[Press Release by ACMI]

A new exhibition, Setting the Scene: Film Design from Metropolis to Australia, opened December 4 for an exclusive season at Melbourne’s Australian Centre for the Moving Image (ACMI).

Setting the Scene: Film Design from Metropolis to Australia is an astonishing behind the scenes examination of filmmaking through production design. Devoted to the work of film production designers, set designers and film architects, the exhibition pays tribute to the artists behind seminal works of film covering almost a century.

Featuring more than 300 original sketches, storyboards and models behind some of the most recognisable cinematic worlds, Setting the Scene: Film Design from Metropolis to Australia explores how spaces are constructed and how production design influences the narrative, mood and atmosphere of a film.

ACMI Director Tony Sweeney today said that the exhibition is a welcome spotlight on an often forgotten part of the film making process. “Film designers are ‘architects of illusion’ who weave magic on and off the screen,” he said. “They play a major role in creating the atmosphere of a film, which ultimately allows us as audiences to be transported to other worlds, sometimes magical, sometimes dark, but always remarkable and entertaining.”

“Through the history of film, production designers have been involved in numerous aspects of the filmmaking process, from the design and construction of physical studio sets to the digital creation of complex, computer-generated environments that we see today. The breadth and scope of the material presented in Setting the Scene and the films featured is truly striking,” said Tony.

One of the major attractions of the exhibition is the undoubtedly the exclusive showcase of the work from Baz Luhrmann’s epic Australia, by double Academy Award winning Australian production designer, Catherine Martin, and her team.
ACMI has worked closely with one of Australia’s Art Directors Karen Murphy curate this section, which features design concepts, sketches, models and research material as well as the actual living room set of the Faraway Downs homestead, providing visitors with a unique and timely opportunity to step ‘on set’ of Australia.

Speaking at the opening, Karen reflected on working on Australia. “It’s incredibly rewarding working as an Art Director on a Baz Luhrmann film, because the art department is unique. The production designer, Catherine Martin, is responsible for the images that inform and amplify the story from the research stage through to the final days of post production. The truth is in the strength and layering of the early images you see here in the gallery, and they end up on the screen,” she said.

“I’ve loved being involved in this exhibition. It’s a wonderful celebration of the contribution of the talented pool of artists, from set designers, model-makers, set dressers, digital 3D modelers and craftspeople brought together by the production designer to help create those final, rich and memorable worlds we experience in Australia and in all of the films featured here at ACMI,” said Karen.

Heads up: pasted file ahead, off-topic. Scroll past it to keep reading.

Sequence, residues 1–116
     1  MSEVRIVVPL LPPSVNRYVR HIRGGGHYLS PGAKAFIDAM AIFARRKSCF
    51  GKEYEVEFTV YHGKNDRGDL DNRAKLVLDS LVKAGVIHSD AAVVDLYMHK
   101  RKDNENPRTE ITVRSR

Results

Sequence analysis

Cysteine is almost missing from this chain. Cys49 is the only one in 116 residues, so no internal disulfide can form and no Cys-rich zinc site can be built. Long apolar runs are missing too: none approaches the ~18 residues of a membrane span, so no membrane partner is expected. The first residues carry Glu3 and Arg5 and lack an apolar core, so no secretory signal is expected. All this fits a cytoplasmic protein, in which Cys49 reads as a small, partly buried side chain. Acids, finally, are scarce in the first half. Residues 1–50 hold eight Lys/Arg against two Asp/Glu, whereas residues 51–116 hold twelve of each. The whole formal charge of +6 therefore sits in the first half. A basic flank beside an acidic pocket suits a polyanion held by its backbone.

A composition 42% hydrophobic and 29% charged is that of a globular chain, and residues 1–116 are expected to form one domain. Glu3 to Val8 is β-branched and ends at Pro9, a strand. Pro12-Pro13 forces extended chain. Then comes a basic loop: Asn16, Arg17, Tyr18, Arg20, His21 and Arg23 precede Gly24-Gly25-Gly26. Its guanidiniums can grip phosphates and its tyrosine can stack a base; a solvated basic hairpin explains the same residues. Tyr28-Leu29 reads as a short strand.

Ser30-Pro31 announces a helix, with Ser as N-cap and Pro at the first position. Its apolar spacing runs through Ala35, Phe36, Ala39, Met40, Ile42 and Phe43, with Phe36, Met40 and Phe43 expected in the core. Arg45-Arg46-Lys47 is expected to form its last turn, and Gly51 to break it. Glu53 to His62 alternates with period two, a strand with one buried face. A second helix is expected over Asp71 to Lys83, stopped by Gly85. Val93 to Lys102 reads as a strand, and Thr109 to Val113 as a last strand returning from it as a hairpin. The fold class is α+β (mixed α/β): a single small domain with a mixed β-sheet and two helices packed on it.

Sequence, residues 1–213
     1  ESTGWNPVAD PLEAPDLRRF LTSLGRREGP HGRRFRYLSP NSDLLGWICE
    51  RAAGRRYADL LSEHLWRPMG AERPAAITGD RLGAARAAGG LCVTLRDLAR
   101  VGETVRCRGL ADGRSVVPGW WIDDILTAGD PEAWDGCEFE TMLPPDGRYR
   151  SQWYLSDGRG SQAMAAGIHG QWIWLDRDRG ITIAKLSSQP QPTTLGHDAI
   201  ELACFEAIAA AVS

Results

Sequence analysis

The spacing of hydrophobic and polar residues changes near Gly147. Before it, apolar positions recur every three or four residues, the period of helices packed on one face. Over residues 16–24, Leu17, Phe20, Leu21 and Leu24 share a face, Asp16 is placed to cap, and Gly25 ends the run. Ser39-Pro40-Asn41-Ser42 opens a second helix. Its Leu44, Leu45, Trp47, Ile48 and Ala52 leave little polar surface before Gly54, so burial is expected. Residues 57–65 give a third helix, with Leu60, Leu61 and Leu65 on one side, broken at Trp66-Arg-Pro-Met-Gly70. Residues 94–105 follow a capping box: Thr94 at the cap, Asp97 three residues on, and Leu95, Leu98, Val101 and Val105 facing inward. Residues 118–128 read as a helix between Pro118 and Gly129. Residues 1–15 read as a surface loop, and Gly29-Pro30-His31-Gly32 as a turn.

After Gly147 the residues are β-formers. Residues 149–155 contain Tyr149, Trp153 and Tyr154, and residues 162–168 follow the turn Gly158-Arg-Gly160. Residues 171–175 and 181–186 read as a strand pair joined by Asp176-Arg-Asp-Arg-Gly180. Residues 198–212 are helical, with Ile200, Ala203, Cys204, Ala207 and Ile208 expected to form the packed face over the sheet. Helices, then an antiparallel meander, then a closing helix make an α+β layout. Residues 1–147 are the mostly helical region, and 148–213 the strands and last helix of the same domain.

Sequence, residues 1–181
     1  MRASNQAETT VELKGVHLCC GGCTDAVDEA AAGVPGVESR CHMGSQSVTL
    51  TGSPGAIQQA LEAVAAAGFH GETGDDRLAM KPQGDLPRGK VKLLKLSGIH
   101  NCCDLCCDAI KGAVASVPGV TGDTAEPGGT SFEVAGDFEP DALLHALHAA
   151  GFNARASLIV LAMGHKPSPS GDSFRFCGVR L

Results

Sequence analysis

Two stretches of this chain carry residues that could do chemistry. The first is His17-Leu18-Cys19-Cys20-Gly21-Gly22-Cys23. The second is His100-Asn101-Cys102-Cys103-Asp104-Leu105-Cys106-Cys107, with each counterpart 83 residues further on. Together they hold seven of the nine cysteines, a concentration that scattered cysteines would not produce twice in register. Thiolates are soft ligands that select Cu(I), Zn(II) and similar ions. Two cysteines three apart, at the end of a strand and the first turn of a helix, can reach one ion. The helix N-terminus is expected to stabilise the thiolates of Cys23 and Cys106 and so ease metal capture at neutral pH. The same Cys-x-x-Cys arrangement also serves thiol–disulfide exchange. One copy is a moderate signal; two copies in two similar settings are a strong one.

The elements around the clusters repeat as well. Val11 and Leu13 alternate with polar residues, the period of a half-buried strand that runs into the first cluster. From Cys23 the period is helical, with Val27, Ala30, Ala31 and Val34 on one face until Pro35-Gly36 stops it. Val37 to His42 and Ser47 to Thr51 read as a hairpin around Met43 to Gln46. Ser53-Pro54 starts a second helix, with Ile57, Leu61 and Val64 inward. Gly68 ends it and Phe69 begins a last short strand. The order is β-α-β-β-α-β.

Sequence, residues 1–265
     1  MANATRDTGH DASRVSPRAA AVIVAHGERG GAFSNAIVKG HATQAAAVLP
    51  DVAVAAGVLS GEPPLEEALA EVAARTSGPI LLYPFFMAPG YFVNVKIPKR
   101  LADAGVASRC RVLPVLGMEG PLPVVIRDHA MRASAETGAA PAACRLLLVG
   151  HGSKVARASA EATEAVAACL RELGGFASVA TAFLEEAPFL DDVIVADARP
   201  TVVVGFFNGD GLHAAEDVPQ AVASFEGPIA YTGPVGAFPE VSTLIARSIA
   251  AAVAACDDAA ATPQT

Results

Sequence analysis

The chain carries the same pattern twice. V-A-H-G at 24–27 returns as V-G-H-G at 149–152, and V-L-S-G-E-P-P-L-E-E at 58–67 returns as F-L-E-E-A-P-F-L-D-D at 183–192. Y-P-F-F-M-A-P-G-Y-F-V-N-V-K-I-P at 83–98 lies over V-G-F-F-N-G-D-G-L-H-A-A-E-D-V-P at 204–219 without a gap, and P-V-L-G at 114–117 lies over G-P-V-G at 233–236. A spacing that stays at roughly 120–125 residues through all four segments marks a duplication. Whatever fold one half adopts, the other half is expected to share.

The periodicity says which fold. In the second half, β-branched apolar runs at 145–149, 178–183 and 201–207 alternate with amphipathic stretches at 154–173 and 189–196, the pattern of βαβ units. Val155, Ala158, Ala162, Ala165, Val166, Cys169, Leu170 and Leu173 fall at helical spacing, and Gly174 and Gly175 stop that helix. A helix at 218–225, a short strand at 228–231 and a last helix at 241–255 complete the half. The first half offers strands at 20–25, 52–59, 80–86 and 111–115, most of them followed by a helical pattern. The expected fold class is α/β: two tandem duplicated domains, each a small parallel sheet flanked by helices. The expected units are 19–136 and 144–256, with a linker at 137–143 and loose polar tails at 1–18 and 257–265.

Also in attendance was AFI Award winning production designer, Roger Ford whose work on The Chronicles of Narnia: Prince Caspian is featured in the exhibition.

When speaking about bringing classics like C.S Lewis’ novels to life through created environments, Roger said the task is at first daunting. “These are much loved books read by the most discerning audience – children – each with their own idea of what the land of Narnia should look like so it is a huge responsibility.”

“In order to surprise and delight them in the cinema, you have to go further than their imagination takes them. It is intimidating but very exciting for a production designer. It’s like a playground for the imagination,” he said.
Other Australian production designers with work featured in Setting The Scene, include Chris Kennedy (The Proposition and forthcoming release The Road), George Liddle (Dark City), Owen Patterson (The Matrix trilogy and Speed Racer), Stephen Curtis (beDevil and Night Cries: A Rural Tragedy) and Steven Jones-Evans (Ned Kelly).

The exhibition features works from over 80 films, created by more than 30 internationally acclaimed production designers, including Ken Adam, Anna Asp, Dante Ferretti, Frank Schroedter, Robert Herlth and Alex McDowell. Other films featured in the exhibition include The Cabinet of Dr. Caligari (1919), Mon Oncle (1958), Dr. Strangelove (1964), The Apartment (1960), A Clockwork Orange (1971), Cabaret (1972), Alien (1979), The Shining (1980), The Cat in the Hat (2003), Dogville (2003), The Bourne Supremacy (2004) and The Terminal (2004).

Setting the Scene: Film Design from Metropolis to Australia opens on Thursday 4 December 2008 until Sunday 19 April 2009.

For more information, please visit: www.acmi.net.au